ASCO GU 2019: Final analysis from the NIVOREN GETUG AFU 26 study — Safety and Efficacy of Nivolumab in Metastatic Renal Cell Carcinoma

San Francisco, CA ( Immune checkpoint inhibitors have changed the treatment paradigm of metastatic renal cell carcinoma (mRCC), both in the front line and second line settings. Nivolumab, a humanized IgG4 anti-PD-L1 monoclonal antibody, is approved in both settings, based on CheckMate 214 (in combination with ipilimumab) in the first line, and CheckMate 025 in the second line.1,2 NIVOREN GETUG AFU 26 is a French multicenter prospective study to evaluate the safety and efficacy of nivolumab in a real-world setting. A total of 729 patients were enrolled between February 2016 and June 2017. These patients had failed at least 1 line of VEGF/VEGFR inhibition and patients with a performance status of 0-2 were allowed. During GU ASCO 2018, interim results of the first 528 patients were reported, with an 18.5% confirmed overall response rate, with 0.4% complete responses and 18.1% partial responses. The median PFS at that time was 4 months and median overall survival was 18.6 months. This abstract, presented at ASCO GU 2019, provides an update to that data.

720 patients were included in the final analysis. In terms of patient characteristics, all patients had clear cell mRCC. The majority of patients were men (77.4%), had prior nephrectomy (84.7%), and had an ECOG of 0 (85%). 22.4% of patients had already received two prior lines of therapy, and the majority of patients were intermediate and poor risk (81.7%). 12.3% of patients were found to have brain metastases per study screening protocol. 
After a median of 20.9 months, the median duration of treatment was 5.2 months with 15% of patients still on treatment. The confirmed ORR was 21%, with the majority of those being partial responses and only 1.3% complete response. The median progression-free survival was 3.2 months and the 12-month survival rate was 69%. The curve begins to flatten out after 6 month – 6 month PFS was 35% and 12 month PFS was 23.8%.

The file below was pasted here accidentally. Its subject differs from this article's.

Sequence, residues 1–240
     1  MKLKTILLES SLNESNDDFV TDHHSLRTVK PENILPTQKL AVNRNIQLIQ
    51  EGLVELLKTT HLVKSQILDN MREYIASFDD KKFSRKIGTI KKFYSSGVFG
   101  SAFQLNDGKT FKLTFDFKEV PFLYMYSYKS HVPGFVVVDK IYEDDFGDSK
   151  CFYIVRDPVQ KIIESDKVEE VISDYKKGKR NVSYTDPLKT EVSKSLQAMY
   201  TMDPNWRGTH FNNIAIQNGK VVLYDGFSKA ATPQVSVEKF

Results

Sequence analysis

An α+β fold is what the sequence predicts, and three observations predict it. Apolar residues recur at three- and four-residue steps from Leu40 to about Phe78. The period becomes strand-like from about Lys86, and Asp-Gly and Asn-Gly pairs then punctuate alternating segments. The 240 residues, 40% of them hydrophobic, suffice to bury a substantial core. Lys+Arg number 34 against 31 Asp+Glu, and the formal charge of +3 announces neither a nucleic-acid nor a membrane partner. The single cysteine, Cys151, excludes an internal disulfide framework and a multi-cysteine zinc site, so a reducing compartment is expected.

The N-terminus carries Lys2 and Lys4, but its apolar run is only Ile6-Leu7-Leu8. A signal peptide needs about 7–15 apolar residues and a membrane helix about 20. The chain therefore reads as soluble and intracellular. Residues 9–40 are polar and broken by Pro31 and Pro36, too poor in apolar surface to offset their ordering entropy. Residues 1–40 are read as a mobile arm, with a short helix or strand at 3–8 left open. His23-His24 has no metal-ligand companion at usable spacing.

Interestingly, 47% of patients were treated beyond progression. 59% of patients received an additional line of therapy and 22% died without any further therapy. In terms of overall survival, the median OS was 24.5 months with 69% of patients alive at one year and upon subgroup analysis, there was no difference in OS between the number of prior lines of therapy or presence of brain metastases. However, patients with poor performance status, prior everolimus, and poor renal function did have worse median OS. 
OS correlated nicely with IMDC criteria with a median OS of 32 months, 25 months, and 10 months for favorable, intermediate, or poor risk disease, and separated out nicely even when broken down to the individual number of IMDC risk factors.
The best response was correlated with overall survival, with a median OS of 28.4 months for patients with stable disease and 13 months for those with initial progressive disease. PFS correlated with best response as well, with a median PFS of 27.8 months for those with a PR/CR. 
In terms of safety, 17.9% of patients had a grade 3/4 event and 6 (0.008%) patients had grade 5 toxicity which confirms the safety signals seen in CheckMate 025.  Of note, patients who had a grade 3 or high treatment-related event had longer progression-free survival (HR 0.69 [0.55-0.87]). 
This study confirms prior clinical trials in a real-world setting that nivolumab is active and safe in patients with clear cell RCC. In addition to the primary and secondary outcomes, two interesting points are described in this abstract. First, oncologists frequently treat beyond progression with nivolumab. Second, this study’s results bring to light what many oncologists have suspect regarding the relationship between response and immune toxicity, showing that patients who have some off-target effect of therapy may derive more benefit than those without any immune-mediated side effects. 

Presented by: Laurence Albiges, MD, PhD, Head, Genitourinary Unit, Gustave Roussy Institute, Villejuif, France
Written by: Jason Zhu, MD. Fellow, Division of Hematology and Oncology, Duke University, @TheRealJasonZhu at the 2019 American Society of Clinical Oncology Genitourinary Cancers Symposium, (ASCO GU) #GU19, February 14-16, 2019 - San Francisco, CA

  1. Motzer RJ, Tannir NM, McDermott DF, et al. Nivolumab plus Ipilimumab versus Sunitinib in Advanced Renal-Cell Carcinoma. New England Journal of Medicine 2018;378:1277-90.
  2. Motzer RJ, Escudier B, McDermott DF, et al. Nivolumab versus Everolimus in Advanced Renal-Cell Carcinoma. New England Journal of Medicine 2015;373:1803-13